Before the overhaul, much of the building was unbearable, such as the secretary’s office. The temperature was usually around 85ºF in the office on any summer day. The humidity: “About as high as you could push it,” said Yates.

Technicians Carl Einsig (left) and Jamie Schrum (right) hang an indoor head.

A 12,000 BTU evaporator unit was installed; one of three that are connected to a 2.5-ton, triple-zone condensing unit outside. The other two evaporators, at 9,000 BTUs each, were installed in the nearby restrooms.


The secretary’s office, the pastor’s office, and the auditorium together required 12 tons of cooling, all easily met with the installation of a few Fujitsu multi-zones. The sanctuary received a total of 26.5 tons of cooling from 10 evaporators.

“Instead of having an on/off system sure to gobble large chunks of the operating budget, our installed system can quietly glide from 8,500-BTUs to the full 26.5-tons as needed and will react via on-board sensors wherever the congregation crowd is seated – all the while sipping only the energy required to meet demands for congregant comfort,” noted Yates.

18,000 BTU indoor heads are hung, mirroring the wall-hung units outside.

Large capacity, 3-ton units were installed to throw air over large distances; a requirement for the 5,000 sq.ft., 65-foot high sanctuary.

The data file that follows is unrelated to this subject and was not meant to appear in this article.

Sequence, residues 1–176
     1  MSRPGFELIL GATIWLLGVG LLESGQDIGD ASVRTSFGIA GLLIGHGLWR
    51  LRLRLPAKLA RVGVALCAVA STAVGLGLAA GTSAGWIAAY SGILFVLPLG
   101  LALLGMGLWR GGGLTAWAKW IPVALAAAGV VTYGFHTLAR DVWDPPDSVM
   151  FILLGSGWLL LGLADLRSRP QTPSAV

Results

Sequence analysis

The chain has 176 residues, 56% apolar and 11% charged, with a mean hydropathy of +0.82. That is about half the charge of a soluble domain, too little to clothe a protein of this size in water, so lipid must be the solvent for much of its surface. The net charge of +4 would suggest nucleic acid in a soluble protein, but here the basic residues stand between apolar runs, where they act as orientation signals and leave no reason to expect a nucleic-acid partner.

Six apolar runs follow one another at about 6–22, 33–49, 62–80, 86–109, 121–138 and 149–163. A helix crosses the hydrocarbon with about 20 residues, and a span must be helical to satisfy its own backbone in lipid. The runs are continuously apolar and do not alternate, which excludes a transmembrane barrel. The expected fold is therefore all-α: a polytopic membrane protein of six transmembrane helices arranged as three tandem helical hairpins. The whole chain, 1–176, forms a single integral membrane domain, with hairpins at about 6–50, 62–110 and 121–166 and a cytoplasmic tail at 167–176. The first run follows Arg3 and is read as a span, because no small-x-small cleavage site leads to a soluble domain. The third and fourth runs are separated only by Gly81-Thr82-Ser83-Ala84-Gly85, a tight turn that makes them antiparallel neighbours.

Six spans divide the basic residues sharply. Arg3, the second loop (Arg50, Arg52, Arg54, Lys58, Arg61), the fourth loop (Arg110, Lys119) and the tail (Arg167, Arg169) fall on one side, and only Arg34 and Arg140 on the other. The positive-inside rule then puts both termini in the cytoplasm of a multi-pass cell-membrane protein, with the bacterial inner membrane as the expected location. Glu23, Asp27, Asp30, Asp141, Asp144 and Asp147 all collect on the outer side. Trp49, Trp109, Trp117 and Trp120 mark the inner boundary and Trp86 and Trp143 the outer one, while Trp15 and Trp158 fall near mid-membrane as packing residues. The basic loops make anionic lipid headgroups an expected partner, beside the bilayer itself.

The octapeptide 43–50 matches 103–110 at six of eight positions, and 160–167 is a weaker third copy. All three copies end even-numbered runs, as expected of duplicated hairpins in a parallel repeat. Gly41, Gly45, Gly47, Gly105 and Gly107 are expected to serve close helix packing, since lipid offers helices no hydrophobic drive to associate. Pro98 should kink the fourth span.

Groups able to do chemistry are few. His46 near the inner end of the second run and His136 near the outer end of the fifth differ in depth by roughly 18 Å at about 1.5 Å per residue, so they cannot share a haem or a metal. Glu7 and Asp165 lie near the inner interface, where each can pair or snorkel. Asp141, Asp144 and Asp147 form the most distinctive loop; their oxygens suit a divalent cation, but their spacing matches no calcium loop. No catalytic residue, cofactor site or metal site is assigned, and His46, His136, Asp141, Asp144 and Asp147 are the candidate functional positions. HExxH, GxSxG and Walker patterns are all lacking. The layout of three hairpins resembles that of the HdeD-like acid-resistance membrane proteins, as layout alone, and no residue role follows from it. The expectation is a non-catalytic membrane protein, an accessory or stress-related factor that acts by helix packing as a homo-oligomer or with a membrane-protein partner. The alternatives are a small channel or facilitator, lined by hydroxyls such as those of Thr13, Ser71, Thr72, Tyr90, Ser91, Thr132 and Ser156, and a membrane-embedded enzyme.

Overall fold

The church’s 6,220 sq. ft. social hall is located downstairs, on the opposite end of the building from the sanctuary. Unlike the sanctuary, where the heat load is greatly dictated by the giant stained-glass windows, the social hall has a different need for cooling. The area is often used for activities, when people create nearly twice as many BTUs as they would sitting in a sanctuary pew. There is also a large kitchen, raising the cooling needs when in use.

Jamie Schrum checks air flow using an anemometer.

The social hall is one large room separated into four smaller areas by divider curtains. Each of these areas, and an adjacent classroom, were zoned separately. This way, if a group of people needs only half the hall, no energy is wasted by cooling the unused areas. The social hall is conditioned with 25.5 tons of cooling, delivered by nine separate air handlers. “Here again, the social hall and classrooms can work together, or separately, anywhere between 8,500-BTUs and full capacity,” explained Yates.


The 26 air handlers throughout the church connect to 23 condensing units outside, all but five of which are in a gated alley between the church and an adjacent building. To minimize their footprint, the units are racked and stacked on top of each other, two high.